Why do we get exhausted? Noakes on energy supply and running

Posted by Dave on July 18, 2011 | 6 Comments

Lore of Running

930 pages of science!

This summer I’m reading Tim Noakes’ massive volume Lore of Running, bit by bit, then reporting the critical bits back to you. Last week I covered running potential, discussing whether there are fixed limits to human performance. This week I’m reading Noakes’ chapter on energy systems and running performance.

The basic question in this chapter is this: Why do we get exhausted when we run? Think about it this way. In a 5K race, you don’t run as fast as you can from the start — you hold back a bit so that you can finish the whole run. You might run an 8-minute mile pace. In your first mile, you’re breathing hard, but not completely spent. In the second mile, you struggle a bit and wonder if you’ll be able to keep this up for another mile. In the third mile, you’re hanging on by a thread; you’re nearly completely exhausted — but then you see the finish line, and you actually start running faster. If you were so exhausted, why were you able to speed up as you approached the finish?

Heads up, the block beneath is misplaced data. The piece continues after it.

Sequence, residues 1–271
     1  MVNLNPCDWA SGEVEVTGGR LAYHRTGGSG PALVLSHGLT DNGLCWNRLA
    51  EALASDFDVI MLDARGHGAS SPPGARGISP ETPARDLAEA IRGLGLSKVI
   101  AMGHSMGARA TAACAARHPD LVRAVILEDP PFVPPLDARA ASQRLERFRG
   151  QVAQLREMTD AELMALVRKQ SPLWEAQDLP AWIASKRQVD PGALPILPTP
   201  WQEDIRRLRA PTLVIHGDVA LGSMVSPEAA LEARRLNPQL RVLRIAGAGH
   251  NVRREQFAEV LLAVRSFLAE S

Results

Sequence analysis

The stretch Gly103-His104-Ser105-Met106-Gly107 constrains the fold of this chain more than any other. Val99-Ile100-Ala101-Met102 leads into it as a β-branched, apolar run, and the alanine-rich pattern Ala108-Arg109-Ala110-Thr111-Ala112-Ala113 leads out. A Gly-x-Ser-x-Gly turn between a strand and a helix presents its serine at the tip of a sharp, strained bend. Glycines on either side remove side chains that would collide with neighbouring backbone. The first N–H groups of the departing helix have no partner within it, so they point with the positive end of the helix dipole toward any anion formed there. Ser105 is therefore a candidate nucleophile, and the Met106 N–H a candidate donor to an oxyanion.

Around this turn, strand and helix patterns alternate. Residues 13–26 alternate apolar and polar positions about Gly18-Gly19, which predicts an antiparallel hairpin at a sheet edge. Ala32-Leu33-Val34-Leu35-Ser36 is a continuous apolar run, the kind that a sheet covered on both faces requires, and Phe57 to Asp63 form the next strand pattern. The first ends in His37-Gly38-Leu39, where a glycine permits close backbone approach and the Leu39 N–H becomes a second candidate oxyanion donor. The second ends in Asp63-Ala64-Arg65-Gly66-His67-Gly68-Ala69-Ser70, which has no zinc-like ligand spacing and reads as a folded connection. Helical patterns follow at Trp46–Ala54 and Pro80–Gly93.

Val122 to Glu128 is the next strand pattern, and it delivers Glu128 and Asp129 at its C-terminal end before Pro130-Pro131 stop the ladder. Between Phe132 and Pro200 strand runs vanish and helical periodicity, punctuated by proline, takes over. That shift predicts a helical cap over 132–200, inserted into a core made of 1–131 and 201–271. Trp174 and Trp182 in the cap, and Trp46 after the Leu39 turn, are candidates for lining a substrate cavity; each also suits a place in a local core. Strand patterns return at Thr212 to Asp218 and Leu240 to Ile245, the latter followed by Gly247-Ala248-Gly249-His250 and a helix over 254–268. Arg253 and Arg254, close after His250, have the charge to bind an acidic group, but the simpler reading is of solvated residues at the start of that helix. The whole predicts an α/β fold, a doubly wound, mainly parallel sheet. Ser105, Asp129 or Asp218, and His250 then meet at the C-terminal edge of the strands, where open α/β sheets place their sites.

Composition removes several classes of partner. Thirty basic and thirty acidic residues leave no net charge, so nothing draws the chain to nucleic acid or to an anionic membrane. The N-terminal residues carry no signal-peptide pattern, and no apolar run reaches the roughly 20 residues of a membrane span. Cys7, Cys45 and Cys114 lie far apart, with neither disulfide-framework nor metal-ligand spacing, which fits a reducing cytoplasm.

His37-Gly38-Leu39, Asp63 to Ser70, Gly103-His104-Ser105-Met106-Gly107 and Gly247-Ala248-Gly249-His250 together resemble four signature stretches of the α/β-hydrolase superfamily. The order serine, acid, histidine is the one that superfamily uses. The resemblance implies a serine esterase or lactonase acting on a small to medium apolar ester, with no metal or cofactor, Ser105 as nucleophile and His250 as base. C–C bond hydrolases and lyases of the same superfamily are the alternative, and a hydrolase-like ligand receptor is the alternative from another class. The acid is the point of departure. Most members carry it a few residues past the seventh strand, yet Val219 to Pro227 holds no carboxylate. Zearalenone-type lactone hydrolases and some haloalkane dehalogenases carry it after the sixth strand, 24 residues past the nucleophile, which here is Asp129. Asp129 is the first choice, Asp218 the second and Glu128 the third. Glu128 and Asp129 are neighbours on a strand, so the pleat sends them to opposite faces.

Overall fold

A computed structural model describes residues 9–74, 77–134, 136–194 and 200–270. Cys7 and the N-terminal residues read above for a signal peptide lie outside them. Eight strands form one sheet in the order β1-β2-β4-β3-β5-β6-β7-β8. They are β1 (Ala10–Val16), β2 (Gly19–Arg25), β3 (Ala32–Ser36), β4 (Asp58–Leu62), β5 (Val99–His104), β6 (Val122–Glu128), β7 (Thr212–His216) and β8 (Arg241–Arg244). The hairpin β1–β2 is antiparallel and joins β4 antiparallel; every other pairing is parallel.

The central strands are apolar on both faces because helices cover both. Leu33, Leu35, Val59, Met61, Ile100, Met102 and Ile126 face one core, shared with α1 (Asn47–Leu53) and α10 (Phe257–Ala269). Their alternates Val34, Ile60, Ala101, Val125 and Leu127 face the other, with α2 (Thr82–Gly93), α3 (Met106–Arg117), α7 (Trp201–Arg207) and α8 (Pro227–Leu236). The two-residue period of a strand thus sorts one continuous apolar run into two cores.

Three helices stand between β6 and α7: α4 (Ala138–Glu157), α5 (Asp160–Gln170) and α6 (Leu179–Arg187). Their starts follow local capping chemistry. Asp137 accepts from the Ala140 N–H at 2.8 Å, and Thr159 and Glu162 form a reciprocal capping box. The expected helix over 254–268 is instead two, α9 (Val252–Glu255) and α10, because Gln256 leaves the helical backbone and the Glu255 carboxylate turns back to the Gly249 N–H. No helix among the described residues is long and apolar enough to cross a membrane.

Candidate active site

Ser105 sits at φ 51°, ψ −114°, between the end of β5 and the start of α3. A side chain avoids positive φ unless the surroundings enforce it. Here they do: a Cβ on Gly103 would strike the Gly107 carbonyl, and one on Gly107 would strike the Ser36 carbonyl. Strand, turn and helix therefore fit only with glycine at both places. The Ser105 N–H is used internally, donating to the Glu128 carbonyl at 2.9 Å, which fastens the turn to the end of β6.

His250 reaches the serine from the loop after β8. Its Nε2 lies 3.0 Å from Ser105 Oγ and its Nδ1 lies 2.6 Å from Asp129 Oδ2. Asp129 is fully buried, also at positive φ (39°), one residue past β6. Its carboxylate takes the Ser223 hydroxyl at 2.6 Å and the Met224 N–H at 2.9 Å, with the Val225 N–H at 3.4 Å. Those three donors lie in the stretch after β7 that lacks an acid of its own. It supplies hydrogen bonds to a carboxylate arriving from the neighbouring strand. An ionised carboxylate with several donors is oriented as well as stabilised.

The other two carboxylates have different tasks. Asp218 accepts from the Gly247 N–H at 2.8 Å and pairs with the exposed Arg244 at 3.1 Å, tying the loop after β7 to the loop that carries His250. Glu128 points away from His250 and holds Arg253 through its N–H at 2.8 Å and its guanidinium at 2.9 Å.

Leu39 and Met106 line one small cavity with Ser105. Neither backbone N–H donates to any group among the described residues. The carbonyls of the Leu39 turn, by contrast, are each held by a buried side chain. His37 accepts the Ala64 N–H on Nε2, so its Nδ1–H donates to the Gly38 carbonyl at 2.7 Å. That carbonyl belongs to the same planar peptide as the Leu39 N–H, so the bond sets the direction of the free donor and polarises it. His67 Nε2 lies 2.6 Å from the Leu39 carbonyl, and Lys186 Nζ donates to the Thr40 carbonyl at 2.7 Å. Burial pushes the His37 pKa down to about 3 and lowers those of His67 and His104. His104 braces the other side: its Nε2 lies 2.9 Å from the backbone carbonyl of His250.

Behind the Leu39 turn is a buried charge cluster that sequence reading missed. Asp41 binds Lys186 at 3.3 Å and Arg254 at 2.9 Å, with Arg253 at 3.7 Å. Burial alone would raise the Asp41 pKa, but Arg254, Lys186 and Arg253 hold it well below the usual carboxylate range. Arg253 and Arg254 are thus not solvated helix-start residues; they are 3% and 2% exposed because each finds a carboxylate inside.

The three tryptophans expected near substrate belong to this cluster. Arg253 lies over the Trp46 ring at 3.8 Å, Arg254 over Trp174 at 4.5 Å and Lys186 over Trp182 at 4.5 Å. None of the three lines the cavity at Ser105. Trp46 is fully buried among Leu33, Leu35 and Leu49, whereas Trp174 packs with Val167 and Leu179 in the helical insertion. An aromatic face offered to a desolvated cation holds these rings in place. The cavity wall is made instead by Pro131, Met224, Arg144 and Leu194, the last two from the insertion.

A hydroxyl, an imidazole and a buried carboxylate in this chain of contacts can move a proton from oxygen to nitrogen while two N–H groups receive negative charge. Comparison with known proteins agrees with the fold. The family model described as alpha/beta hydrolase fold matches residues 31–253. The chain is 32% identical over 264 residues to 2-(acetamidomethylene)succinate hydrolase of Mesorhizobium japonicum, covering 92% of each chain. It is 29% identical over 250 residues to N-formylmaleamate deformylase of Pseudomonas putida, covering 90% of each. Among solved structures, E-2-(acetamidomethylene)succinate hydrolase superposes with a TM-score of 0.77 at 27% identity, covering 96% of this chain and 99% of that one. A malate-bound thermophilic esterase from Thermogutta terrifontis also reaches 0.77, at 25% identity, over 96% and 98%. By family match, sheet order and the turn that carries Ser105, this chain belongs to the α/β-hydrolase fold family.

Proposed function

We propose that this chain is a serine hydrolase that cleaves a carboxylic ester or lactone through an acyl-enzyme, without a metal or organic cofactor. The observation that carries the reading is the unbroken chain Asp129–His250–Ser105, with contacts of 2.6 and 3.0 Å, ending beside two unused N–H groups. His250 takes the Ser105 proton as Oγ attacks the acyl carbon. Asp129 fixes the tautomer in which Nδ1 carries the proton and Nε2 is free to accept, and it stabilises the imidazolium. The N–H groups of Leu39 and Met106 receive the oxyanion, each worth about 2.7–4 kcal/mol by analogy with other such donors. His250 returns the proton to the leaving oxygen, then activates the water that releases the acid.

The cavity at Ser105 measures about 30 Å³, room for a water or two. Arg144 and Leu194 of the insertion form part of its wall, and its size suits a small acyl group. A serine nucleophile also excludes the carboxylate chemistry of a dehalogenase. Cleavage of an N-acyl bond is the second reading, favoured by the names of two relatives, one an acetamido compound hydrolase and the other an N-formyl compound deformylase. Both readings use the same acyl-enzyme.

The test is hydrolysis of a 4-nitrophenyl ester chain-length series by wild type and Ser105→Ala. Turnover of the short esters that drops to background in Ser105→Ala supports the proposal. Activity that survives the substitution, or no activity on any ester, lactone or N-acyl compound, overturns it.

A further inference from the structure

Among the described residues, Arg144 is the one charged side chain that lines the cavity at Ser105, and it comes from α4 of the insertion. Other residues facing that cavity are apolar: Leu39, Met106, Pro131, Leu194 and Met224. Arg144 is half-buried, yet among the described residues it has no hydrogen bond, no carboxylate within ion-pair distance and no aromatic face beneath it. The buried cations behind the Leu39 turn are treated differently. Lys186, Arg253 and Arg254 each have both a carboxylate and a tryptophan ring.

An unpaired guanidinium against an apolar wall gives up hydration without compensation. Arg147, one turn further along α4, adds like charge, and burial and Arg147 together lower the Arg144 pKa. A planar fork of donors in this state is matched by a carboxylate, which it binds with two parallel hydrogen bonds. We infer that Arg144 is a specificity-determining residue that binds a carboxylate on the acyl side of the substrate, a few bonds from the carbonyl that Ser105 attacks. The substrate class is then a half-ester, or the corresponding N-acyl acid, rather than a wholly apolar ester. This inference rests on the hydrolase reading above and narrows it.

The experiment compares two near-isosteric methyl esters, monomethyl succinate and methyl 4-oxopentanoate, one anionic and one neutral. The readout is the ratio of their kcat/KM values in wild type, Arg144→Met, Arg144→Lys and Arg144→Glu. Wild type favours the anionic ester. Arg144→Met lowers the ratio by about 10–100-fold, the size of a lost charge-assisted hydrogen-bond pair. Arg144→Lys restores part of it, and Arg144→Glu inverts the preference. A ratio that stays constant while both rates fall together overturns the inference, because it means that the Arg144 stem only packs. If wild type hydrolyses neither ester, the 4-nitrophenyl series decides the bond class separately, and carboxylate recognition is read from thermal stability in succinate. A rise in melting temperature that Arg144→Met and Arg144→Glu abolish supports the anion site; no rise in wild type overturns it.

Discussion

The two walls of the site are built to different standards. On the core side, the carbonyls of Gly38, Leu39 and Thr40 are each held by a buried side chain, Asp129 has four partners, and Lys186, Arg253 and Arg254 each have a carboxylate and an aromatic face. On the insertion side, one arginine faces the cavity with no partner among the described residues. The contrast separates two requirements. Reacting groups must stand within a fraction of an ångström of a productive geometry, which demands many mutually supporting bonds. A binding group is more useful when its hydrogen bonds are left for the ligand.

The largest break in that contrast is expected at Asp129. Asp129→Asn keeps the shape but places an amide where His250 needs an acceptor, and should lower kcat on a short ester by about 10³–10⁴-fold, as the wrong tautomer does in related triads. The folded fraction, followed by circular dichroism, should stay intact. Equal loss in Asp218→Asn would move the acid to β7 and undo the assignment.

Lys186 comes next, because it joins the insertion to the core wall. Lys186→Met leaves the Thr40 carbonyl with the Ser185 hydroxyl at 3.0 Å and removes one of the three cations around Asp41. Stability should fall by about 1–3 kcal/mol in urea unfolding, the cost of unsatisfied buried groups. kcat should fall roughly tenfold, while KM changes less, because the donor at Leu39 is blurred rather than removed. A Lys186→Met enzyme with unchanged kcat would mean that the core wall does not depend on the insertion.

If you run a marathon, you’ll certainly run it at a slower pace; let’s say 9-and-a-half-minute-miles. At this pace (assuming you’ve put in the miles to train), your first 13 miles or so are a relative breeze. After all, you’re going much slower than you did in your 5K. But as you approach the 20 mile mark, you start to feel like this isn’t going to be so easy. You breathe harder; your muscles ache. You might even take a few breaks to walk. Yet somehow, 1.5 miles from the finish, you manage to pick up the pace again. For the last half-mile, you’re running your 5K pace, and you sprint across the finish line. What can account for this? Shouldn’t you get more and more fatigued as the race progresses?

These examples are backed up by scientific research: Nearly everyone is able to find an extra reserve of energy at the end of the race, despite feeling exhausted. One study, led by Derek Kay, tested cyclists by asking them to ride on a stationary bike for 1 hour at their best pace. Every 10 minutes, they were asked to go all out for 60 seconds. This graph shows the results: